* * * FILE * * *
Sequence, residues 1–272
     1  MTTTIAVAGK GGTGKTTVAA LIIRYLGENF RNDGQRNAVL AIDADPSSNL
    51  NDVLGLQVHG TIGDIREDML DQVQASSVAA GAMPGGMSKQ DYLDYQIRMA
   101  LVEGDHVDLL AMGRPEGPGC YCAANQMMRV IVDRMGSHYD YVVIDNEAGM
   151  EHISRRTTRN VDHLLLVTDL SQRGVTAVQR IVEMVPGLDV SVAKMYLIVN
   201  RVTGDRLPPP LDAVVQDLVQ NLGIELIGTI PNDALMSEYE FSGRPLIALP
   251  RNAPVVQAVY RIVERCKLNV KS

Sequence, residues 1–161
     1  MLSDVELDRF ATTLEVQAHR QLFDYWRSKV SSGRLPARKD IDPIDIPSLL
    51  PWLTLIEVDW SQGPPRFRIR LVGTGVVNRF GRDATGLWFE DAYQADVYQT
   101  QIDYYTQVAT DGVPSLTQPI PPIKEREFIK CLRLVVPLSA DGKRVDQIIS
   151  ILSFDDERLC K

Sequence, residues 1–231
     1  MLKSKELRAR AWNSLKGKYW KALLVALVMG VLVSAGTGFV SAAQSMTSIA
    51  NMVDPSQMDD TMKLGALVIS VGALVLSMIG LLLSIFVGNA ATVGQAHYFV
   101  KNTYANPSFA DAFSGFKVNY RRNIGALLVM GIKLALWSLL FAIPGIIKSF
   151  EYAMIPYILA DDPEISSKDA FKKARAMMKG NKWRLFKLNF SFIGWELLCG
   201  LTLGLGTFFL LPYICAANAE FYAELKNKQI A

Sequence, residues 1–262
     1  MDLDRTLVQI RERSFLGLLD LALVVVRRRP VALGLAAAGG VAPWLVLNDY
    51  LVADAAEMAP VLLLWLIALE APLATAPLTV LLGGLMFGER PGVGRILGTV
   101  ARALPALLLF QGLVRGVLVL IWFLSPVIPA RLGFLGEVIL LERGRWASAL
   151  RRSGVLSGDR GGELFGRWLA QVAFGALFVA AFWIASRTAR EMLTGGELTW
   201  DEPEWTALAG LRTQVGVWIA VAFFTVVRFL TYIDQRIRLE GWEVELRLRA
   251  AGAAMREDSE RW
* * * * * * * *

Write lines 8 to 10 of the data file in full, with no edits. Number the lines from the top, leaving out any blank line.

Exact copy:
Sequence, residues 1–161
     1  MLSDVELDRF ATTLEVQAHR QLFDYWRSKV SSGRLPARKD IDPIDIPSLL
    51  PWLTLIEVDW SQGPPRFRIR LVGTGVVNRF GRDATGLWFE DAYQADVYQT